Forum: Ruby on Rails Nooby Help with created_at, updated_at, and if/then

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E1555235468e98aa1800f5e3d9bc9601?d=identicon&s=25 Ben Goering (phoghawk)
on 2007-07-27 20:58
Hola. I'm super-new to actually doing things in rails and with ruby, so
pardon me if this is an easy question to everyone else.

I'm making a web app, and at this time am designing the news/blog
portion of it. I have a controller (posts) and a model (post) designed
to coordinate this. I started out with a basic scaffold and went from
there. At this point, I'm trying to get rails to print "Updated by
author on 1/1/07 at 3:45PM" if the updated_at time is different than the
created_at time. Here's my code:

<% for post in @posts.reverse %>
  <div class="post" id="post<%= post.id %>">
    <h2 id="posttitle<%= post.id %>" class="posttitleline">
      <%= link_to post.title, {:action => 'show', :id => post}, {:class
=> 'posttitle'} %>
      <%= link_to 'Edit',{ :action => 'edit', :id => post }, { :class =>
'postedit' } %>
      <%= link_to(image_tag('destroypost.png'), {:action => 'destroy',
:id => post}, :confirm => 'Are you sure?', :method => :post)%>
    </h2>
    <div id="postbody<%= post.id %>" class="postbody">
      <%= textilize(post.body) %>
    </div>
    <div id="postfooter<%= post.id %>" class="postfooter">
      <i>Written by <%= post.author %> on <%=
post.created_at.strftime("%B %d, %Y at %I:%M%p") %></i>
    </div>
  </div>
<% end %>

However, that string never shows up, and even weirder is that in the
default scaffold code, the updated_at and created_at values are the same
for every row. For the record, the default scaffold code is this:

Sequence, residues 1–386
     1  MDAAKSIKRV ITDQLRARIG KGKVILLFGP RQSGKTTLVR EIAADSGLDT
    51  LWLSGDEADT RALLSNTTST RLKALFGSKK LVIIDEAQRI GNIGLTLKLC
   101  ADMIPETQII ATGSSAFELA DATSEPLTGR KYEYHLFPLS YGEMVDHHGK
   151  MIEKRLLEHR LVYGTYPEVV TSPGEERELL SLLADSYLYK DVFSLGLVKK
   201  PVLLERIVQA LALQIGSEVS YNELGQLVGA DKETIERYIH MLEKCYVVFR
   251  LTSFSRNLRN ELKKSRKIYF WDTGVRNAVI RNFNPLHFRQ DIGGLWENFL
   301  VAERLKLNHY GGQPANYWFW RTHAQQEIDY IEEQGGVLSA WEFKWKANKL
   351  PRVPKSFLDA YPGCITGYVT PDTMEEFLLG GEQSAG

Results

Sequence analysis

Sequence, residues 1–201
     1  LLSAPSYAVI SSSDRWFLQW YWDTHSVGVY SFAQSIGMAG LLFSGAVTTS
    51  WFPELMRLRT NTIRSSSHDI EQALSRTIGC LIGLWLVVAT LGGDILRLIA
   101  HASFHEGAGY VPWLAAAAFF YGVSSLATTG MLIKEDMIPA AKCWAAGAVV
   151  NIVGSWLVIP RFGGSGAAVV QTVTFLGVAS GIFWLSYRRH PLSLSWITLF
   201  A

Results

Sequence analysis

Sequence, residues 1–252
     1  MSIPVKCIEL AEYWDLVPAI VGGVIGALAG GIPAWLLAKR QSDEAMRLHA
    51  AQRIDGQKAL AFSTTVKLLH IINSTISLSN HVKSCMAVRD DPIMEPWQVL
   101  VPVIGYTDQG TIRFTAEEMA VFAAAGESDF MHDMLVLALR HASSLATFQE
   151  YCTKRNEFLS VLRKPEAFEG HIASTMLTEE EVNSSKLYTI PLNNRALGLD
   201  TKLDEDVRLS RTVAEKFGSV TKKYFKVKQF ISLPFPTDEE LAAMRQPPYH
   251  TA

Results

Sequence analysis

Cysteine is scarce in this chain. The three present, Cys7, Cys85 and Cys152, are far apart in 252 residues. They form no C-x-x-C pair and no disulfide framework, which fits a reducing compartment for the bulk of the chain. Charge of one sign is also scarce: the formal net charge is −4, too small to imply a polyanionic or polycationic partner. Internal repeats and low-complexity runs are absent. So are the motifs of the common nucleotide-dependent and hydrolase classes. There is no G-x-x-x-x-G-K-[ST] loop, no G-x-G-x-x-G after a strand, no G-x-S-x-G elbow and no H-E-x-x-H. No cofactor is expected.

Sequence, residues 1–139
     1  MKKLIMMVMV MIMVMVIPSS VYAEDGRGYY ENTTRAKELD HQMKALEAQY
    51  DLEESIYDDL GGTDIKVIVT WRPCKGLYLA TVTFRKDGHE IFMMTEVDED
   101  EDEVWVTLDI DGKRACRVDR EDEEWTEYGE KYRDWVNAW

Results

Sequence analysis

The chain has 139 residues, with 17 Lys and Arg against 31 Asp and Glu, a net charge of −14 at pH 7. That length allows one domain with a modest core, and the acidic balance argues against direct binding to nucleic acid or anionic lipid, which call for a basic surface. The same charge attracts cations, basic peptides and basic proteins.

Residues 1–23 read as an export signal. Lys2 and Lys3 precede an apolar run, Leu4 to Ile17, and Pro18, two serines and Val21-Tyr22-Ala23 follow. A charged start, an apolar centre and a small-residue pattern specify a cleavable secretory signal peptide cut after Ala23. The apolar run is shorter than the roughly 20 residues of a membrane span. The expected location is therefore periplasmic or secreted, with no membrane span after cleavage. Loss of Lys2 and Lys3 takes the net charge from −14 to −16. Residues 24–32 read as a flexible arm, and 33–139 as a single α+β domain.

<table>
  <tr>
  <% for column in Post.content_columns %>
    <th><%= column.human_name %></th>
  <% end %>
  </tr>

<% for post in @posts %>
  <tr>
  <% for column in Post.content_columns %>
    <td><%=h post.send(column.name) %></td>
  <% end %>
    <td><%= link_to 'Show', :action => 'show', :id => post %></td>
    <td><%= link_to 'Edit', :action => 'edit', :id => post %></td>
    <td><%= link_to 'Destroy', { :action => 'destroy', :id => post },
:confirm => 'Are you sure?', :method => :post %></td>
  </tr>
<% end %>
</table>

Any insight? Tips?
E1555235468e98aa1800f5e3d9bc9601?d=identicon&s=25 Ben Goering (phoghawk)
on 2007-07-27 21:25
Okay, I'm dumb. I copied that after I deleted the defective code. But
could anyone show me the best way to do that comparison?

If created_at isn't equal to updated_at, print "Updated by author on
1/1/07 at 3:45PM"
Ef0db53920b243d6758c2f6b1306df0d?d=identicon&s=25 Steve Ross (cwd)
on 2007-07-27 21:35
(Received via mailing list)
Some might debate this, but I find the best way is to factor the
whole thing into a helper or a model. E.g.:

# my model.rb

def timestamp_string
   updated_at > created_at ?
     "Updated by #{author} at #{updated_at.to_formatted_s(:short)}" :
     "Created by #{author} at #{created_at.to_formatted_s(:short)}" :
end

# my view.rhtml

<%= post.timestamp_string %>

This should clean up your view. If you feel this couples your model
too tightly with the display of the data, then create a helper instead.

Does this help?
E1555235468e98aa1800f5e3d9bc9601?d=identicon&s=25 Ben Goering (phoghawk)
on 2007-07-27 22:05
Steve Ross wrote:
> def timestamp_string
>    updated_at > created_at ?
>      "Updated by #{author} at #{updated_at.to_formatted_s(:short)}" :
>      "Created by #{author} at #{created_at.to_formatted_s(:short)}" :
> end

Yes, that should be good for cleaning things up, but I could still use
some interpretation of this.

How does the:
'updated_at > created_at ?'
line translate?

If updated_at is greater than created_at, then execute this block. Is
that right?

Does this take into account that I'd rather not have that "Updated